I am not Malala. I am not 17 years old. I am not from Pakistan. And I didn’t defy the Taliban in the name of education for myself and other young women. I didn’t get shot in the head for my efforts and miraculously survive.
Not only am I not Malala, but, as I read her autobiography, I can’t possibly imagine being her. I can’t imagine the primitive nature of her childhood in Pakistan – the lack of running water and electricity, basic needs that we take for granted in the modern world. I can’t imagine being called upon to risk all for sake of women’s education, of paying such a high price.
Thank God I can’t imagine it. Thank God we live in another kind of world, in a time and place where the education of women is taken for granted (to the point that in America today, more women than men are getting a college education). Thank God, life in Pakistan, life at the mercy of the sadistic and violent Taliban is not our fate. Her specific fight is not our fight.
And we pray every day that the Almighty doesn’t test us. Because we might not pass. We might be found wanting.
And yet, on the other hand, in leading our relatively comfortable lives, there is something missing – the opportunity to really take a stand for what we believe in and to really mean it.
None of us can imagine being Malala and yet we have the same potential latent within us. I know almost nothing about Malala’s DNA but I do know something about ours, our spiritual DNA that is.
We are the descendants of women and men who put themselves on the line, who were willing to risk all – for learning Torah, for the Jewish people, and for a relationship with God. And we have inherited their spiritual DNA. We too have this unrealized potential.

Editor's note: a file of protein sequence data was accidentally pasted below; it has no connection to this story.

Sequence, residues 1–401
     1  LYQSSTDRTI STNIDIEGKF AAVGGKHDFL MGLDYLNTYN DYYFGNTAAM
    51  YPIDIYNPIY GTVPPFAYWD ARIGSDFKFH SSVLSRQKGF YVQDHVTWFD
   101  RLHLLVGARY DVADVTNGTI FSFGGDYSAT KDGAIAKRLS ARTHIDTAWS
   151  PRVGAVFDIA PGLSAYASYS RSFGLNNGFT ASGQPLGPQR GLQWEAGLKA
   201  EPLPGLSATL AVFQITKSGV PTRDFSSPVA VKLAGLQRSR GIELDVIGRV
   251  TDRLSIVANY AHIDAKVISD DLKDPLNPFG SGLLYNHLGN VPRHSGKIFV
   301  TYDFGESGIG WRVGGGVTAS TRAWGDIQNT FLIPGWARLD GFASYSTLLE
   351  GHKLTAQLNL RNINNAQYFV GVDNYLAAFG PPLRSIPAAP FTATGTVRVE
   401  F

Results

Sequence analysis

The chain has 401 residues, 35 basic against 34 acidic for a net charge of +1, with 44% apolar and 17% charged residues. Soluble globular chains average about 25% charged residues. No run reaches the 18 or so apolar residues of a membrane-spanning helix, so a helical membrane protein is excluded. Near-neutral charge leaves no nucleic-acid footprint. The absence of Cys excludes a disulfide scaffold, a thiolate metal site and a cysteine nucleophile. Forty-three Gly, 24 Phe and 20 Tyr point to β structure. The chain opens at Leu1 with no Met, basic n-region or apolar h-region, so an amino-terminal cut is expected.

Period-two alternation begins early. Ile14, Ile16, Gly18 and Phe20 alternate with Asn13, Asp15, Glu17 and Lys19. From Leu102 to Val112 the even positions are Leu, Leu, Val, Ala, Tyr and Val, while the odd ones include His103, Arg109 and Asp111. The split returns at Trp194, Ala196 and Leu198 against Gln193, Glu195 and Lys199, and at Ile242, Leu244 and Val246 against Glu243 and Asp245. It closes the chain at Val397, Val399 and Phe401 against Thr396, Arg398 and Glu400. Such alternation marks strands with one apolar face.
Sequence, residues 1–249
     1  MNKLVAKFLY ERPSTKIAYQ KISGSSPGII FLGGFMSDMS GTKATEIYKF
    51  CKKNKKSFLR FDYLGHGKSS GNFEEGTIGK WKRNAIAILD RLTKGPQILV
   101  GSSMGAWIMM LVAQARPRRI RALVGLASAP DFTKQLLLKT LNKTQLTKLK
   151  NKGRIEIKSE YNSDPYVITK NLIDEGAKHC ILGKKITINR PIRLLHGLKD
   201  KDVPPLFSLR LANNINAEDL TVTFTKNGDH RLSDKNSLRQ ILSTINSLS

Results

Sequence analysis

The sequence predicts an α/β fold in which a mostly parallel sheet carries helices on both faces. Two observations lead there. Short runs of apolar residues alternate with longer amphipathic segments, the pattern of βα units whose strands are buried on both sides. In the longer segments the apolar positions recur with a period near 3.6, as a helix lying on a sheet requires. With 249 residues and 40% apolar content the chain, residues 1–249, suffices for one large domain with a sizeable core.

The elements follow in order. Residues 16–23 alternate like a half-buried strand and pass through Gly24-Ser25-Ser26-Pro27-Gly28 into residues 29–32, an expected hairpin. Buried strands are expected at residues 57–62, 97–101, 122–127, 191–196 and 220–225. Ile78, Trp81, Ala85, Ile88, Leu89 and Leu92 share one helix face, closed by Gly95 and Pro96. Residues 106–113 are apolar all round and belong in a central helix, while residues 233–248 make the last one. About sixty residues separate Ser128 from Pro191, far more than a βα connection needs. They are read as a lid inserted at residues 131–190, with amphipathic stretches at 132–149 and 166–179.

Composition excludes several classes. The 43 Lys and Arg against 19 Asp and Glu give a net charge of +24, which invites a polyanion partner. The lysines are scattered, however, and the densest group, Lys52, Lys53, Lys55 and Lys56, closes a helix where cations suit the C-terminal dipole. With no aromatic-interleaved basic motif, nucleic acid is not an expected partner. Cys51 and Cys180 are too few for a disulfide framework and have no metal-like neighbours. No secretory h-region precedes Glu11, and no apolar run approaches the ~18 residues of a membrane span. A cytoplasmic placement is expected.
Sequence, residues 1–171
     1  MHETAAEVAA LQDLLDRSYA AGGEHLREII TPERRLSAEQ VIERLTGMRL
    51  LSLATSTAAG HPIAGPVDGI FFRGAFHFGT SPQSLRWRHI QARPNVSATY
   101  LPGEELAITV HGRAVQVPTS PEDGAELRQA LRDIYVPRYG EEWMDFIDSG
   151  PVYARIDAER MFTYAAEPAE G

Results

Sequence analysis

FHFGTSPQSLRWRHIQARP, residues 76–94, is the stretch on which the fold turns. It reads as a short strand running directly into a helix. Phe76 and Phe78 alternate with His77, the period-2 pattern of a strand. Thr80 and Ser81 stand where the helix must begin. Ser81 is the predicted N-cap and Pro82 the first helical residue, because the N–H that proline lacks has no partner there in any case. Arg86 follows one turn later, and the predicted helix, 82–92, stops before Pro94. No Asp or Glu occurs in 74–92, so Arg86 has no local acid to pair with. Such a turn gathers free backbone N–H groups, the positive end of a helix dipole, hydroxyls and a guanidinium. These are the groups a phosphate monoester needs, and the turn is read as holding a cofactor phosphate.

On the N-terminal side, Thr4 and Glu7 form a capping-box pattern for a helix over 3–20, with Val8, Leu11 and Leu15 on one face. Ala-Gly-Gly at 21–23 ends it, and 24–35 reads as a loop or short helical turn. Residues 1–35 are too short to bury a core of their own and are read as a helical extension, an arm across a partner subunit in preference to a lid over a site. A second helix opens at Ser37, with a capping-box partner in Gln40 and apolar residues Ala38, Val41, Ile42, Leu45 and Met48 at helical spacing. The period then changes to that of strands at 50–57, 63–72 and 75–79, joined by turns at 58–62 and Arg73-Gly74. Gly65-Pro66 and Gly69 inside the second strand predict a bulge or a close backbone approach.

At the time of Purim, Esther risked her life, her marriage and her personal spiritual fulfillment to save the Jewish people. She wasn’t shot, but she did pay a very high price nevertheless, forced to abandon her marriage with the righteous Mordechai and live forever in the palace with the evil Ahashveirosh. She paid this price to save her people – and to bequeath to us, her descendants, that inner strength and ability.
Malala’s story is an inspiring one. She’s a young girl with more courage than many of her elders. She had grit and determination and the tale she tells is a fascinating one.
All stories are themselves an education. They teach us about people. They broaden our vision. They show us what’s possible.
Esther has always been one of my favorite characters in Jewish history. I have always empathized with her predicament and been empowered by her courage (is it connected to the fact that my full name is Esther Emuna?).
But sometimes it’s hard to believe that I share her courage and potential.
It took a young girl from Pakistan to help me realize it’s true, that even today we may all be called upon to take a stand for what we believe in, to put ourselves on the line for our people and our faith – and that even today, we can do it!